Skip to main content

Remote Work and Rural Communities: A good partnership?

Updated October 20, 2022
Professional headshot of Peggy Schlechter

Peggy Schlechter

SDSU Extension Community Vitality Field Specialist

Two women setting up a remote workstation.
Courtesy: Canva

How does remote work fit into your community? Some people may not be excited about their community promoting remote work options. They may be fearful it will pull people from an already limited workforce. What if remote work opportunities were viewed in a different way? It could be what attracts or keeps workers in your community.

Many people who would like to live in rural areas leave for better career opportunities in larger towns, or they leave a rural community because a spouse can’t find a job in their career field.

Remote work options can provide newcomers with opportunities that may only be available in more-urban areas. People can then choose where they want to live and raise a family.

Who wants to live rural? How about people who are longing for a place to raise their children where they can play outside in their yard without fear of harm, or people wanting their children to grow up near grandparents and extended family? Or maybe they are looking for a place where they can easily enjoy and participate in the common activities of rural life. Is there anything better than a homecoming parade? Watching kids play in the Friday night football game? A slower pace of life where cattle crossing the road is a traffic jam?

Keeping young people in rural areas has been a topic of concern to rural leaders for years as the population of many rural communities continues to decline. For the past decade, Craig Schroeder with the Center for Rural Entrepreneurship in Nebraska has surveyed rural youth across the country, and survey results show that about 50% of youth living in a rural community can picture themselves living in their hometowns in the future. Two of the top reasons given were family ties and that the community was a good place to raise a family. The most-common reason shared for not returning was lack of opportunity.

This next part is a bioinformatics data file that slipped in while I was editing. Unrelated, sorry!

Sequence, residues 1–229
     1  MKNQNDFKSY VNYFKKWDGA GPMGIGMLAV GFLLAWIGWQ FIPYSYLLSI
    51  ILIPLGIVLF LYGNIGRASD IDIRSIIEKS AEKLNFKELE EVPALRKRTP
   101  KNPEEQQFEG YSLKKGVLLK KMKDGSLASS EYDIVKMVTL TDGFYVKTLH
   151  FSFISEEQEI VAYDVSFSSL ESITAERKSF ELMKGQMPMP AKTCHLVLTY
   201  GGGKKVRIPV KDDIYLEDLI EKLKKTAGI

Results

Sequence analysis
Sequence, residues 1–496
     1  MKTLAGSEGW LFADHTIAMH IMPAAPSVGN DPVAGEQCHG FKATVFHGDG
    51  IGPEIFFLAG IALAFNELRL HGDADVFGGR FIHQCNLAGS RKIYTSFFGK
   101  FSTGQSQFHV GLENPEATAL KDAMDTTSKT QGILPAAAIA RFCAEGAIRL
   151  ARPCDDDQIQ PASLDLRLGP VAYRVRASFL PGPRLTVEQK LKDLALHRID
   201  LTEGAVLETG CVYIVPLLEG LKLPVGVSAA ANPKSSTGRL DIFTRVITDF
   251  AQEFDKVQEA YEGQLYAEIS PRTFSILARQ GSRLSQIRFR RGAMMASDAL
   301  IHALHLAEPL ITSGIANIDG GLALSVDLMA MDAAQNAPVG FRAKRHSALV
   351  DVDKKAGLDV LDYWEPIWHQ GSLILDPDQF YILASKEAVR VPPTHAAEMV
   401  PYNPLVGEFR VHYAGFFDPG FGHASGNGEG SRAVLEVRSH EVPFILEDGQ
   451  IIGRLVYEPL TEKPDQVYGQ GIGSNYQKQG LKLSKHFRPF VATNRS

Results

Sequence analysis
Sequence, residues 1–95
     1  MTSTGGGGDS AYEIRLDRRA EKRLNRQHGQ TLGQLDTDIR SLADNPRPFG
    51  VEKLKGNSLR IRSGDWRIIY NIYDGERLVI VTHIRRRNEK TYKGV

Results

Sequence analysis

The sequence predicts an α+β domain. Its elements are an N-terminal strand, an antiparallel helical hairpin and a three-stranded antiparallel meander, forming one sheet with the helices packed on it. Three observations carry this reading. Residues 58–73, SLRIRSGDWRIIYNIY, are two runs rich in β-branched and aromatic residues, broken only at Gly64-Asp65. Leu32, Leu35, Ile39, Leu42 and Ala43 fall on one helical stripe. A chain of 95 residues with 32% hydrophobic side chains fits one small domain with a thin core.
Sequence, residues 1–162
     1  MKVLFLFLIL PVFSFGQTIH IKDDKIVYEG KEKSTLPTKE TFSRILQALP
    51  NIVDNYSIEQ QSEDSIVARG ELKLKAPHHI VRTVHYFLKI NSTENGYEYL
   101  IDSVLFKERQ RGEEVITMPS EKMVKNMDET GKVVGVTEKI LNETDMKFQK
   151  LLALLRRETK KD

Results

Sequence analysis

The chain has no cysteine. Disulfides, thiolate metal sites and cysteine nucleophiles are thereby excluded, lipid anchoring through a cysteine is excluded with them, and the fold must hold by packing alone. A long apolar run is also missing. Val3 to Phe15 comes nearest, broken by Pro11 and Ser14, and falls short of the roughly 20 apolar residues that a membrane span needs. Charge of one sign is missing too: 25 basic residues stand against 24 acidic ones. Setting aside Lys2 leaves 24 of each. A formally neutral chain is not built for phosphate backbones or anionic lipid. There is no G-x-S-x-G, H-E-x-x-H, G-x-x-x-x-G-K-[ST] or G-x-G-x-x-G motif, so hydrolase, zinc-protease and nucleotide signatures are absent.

In 2018, Gallup asked people where they preferred to live. Rural came out on top for all age groups except for 18-to-29-year-olds. With the 18-to-29-year-olds, rural still came up in second place (out of 6 choices). While about 15% of the U.S. population lives in rural areas, Gallup reported that 27% wanted to live rural. The gap between the desire to live rural and the actual percentage living rural is evident. (This survey was completed pre-COVID-19. Surveys completed since the start of COVID-19 indicate that even more people may be interested in living rural now.) So why don’t they make the move? Quite simply, rural areas aren’t seen as the place jobs and opportunities are located.

What if remote work was promoted in your rural community? When a new person moves into the community, they often bring a family. So even if that new person has a remote work job, they may have family members who can fill some traditional jobs in the community. Even if the whole family works remotely, they are earning money elsewhere and spending, at least some of it, in your community. They might have children who attend school in the local school district, too.

Do you have high-speed, reliable Internet in your community? Is wi-fi available in public spaces? Are you promoting that? Are you connecting those who might want to return to their hometown with their families with opportunities for both traditional and remote work jobs?

South Dakota Remote Works Program

a woman using a laptop to join a video meeting with other people

One way to begin is to share information about the South Dakota Remote Works program. The program is designed to equip workers with tools and skills needed to work as a remote worker, freelancer, or entrepreneur. The Master Remote Work Professional certificate course is a 1-month specialized training, which combines online work with interactive workshops. Community members may not have to leave their home community for better careers options when they can bring the career to them by taking South Dakota Remote Works. Visit the South Dakota Remote Works page to learn more.

For more information about promoting remote work in your community, contact SDSU Extension Community Vitality Field Specialists Peggy Schlechter at or 605-394-1722; or Joshua Hofer at or 605-695-7378.